Why are you causing such a fuss?

Just for the bit of divilment.

Had you plans for your retirement?

I was hoping for an EU-funded Museum of Me, with display cabinets of all the different types of grass and concrete and tarmac and brambles that are strewn along my length. The gift shop would have been fantastic. Oh well.

Isn’t it a promotion being made the UK-EU border as opposed to the UK Border in Ireland?

I can’t pretend I don’t like that bit of it. I have Duolingo tortured learning Estonian, just in case.

Who’s your favourite Brexiteer? Rees-Mogg? Boris? Mark Francois?

Daniel Hannan is very funny. He does this big puffy chest thing and says stuff really seriously. I love it when people perform wisdom. It’s cute.

Do you miss Theresa May? Has she been to visit?

I visited her at Chequers one time. It’s in the book. She’s a panicky soul. Still, she’ll be laughing now at Boris doing the job even worse than she did.

What are your thoughts on Boris and Dominic Cummings?

I think they’re both ******* ***** and ******** ********s, don’t you? If you got them to hold your ice cream while you tied your laces you wouldn’t expect there to be any licking in it by the time you got the bow done.

Isn’t it possible you might look quite dapper festooned with “infrastructure”? I mean, you’re in the nude; what’s with that?

No, no. Au naturel is the only mode for me. I like to feel the breeze blowing through my grass. I had enough of the brutalist phase, thank you very much. Too much sadness and misery in those memories.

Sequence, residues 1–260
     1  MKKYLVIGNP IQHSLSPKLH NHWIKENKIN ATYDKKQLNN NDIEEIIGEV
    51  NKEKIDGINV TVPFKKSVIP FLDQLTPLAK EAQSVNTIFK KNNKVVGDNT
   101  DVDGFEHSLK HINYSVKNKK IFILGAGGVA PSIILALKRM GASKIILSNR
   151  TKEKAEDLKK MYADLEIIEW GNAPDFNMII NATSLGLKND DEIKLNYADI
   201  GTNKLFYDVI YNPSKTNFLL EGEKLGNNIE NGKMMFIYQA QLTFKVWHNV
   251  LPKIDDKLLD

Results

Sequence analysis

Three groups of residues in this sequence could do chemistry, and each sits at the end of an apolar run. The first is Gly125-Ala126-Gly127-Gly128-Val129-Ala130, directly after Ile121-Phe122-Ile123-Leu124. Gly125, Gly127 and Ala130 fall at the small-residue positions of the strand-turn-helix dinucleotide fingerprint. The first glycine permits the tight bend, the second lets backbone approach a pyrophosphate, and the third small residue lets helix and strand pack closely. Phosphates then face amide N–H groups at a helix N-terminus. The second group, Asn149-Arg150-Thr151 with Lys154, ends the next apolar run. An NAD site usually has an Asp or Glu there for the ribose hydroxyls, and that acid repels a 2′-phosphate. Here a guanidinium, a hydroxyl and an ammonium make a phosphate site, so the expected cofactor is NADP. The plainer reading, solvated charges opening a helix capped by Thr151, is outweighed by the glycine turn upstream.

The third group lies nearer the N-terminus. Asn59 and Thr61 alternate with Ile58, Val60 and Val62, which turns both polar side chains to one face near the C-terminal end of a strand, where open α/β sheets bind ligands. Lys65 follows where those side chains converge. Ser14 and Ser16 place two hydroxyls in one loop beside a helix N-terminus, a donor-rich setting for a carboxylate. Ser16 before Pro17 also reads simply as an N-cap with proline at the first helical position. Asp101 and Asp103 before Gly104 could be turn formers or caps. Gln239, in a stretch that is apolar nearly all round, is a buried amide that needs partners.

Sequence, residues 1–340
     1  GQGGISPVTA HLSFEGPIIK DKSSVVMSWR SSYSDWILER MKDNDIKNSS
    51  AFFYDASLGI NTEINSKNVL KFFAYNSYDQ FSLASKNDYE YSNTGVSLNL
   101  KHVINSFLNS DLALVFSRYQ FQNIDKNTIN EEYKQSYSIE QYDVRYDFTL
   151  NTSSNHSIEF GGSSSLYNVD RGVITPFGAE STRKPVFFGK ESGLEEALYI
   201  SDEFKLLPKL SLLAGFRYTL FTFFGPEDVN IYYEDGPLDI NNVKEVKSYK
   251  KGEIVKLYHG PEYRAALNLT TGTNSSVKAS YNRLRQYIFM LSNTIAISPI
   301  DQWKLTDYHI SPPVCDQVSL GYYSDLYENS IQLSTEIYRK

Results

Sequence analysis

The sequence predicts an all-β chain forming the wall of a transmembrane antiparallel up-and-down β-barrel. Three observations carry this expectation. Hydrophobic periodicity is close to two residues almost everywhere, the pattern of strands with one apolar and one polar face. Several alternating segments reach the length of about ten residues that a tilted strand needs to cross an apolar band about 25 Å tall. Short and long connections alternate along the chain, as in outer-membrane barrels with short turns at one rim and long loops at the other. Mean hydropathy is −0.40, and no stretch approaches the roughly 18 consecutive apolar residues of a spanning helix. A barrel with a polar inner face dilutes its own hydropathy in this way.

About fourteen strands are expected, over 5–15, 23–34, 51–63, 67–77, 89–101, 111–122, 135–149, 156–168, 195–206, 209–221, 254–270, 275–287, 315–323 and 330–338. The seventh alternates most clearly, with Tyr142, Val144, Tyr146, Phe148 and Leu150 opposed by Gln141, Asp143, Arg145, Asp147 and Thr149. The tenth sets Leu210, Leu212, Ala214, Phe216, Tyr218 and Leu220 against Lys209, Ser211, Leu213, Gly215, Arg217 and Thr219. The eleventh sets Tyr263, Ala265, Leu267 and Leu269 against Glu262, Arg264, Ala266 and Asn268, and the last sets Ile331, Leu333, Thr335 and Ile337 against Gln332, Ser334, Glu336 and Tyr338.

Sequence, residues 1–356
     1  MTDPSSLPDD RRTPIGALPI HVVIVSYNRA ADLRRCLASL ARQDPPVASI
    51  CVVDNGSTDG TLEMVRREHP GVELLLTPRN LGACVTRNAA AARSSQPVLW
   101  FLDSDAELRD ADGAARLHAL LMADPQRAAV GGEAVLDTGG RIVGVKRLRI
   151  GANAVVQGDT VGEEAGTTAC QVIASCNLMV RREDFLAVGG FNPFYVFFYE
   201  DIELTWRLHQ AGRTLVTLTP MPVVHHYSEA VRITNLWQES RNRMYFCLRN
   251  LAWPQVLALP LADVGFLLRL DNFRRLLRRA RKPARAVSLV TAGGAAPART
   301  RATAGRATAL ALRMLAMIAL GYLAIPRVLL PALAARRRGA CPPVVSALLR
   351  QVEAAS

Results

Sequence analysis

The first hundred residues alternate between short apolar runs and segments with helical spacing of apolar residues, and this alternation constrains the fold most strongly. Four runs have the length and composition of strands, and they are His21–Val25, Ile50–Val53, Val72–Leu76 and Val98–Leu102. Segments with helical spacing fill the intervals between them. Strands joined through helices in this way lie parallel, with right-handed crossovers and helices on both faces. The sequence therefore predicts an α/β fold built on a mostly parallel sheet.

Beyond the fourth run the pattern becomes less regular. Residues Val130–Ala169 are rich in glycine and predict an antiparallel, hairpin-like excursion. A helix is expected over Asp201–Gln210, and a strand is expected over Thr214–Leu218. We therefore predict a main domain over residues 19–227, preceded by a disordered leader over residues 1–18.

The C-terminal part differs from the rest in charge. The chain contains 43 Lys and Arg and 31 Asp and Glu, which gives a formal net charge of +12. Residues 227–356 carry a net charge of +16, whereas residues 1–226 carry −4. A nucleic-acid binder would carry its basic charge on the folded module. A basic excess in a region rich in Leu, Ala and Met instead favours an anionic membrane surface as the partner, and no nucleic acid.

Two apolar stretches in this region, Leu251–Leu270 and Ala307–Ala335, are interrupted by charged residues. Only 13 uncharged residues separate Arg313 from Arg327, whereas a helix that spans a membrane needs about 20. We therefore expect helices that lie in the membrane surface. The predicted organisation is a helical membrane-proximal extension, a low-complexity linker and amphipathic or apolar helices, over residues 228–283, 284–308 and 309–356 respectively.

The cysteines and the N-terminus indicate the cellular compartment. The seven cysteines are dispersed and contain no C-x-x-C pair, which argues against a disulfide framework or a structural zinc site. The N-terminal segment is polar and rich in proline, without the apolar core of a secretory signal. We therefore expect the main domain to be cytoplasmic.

In a way you’re better at bordering than ever before – not only dividing this country but also helping to divide Britain. Does this bring you pride?

Now, in the past 20 years or so, by hardly being a Border at all, I have been a genius among borders – convincing people who want to believe in me that I’m more or less still here, while convincing people who don’t like me that I’m fading away.

You’d think the British would have learned the lesson, since I’m more their Border than anybody else’s. But, no, they had to go and put a big division right down the middle of their country just for the hell of it. What can you do?

What’s the worst that could happen?

An ice-cream shortage. I’ve stockpiled, but freezer capacity is limited.

Finally, before I go, have another go at solving yourself, if you don’t mind.

Easy. Leave me as I am. Cancel Brexit. Pretend it never happened. Failing that, bribe me with tickets for Mozart concerts and a big f**k-off pile of ice cream.

I Am the Border, So I Am is published on October 31st by Harper Collins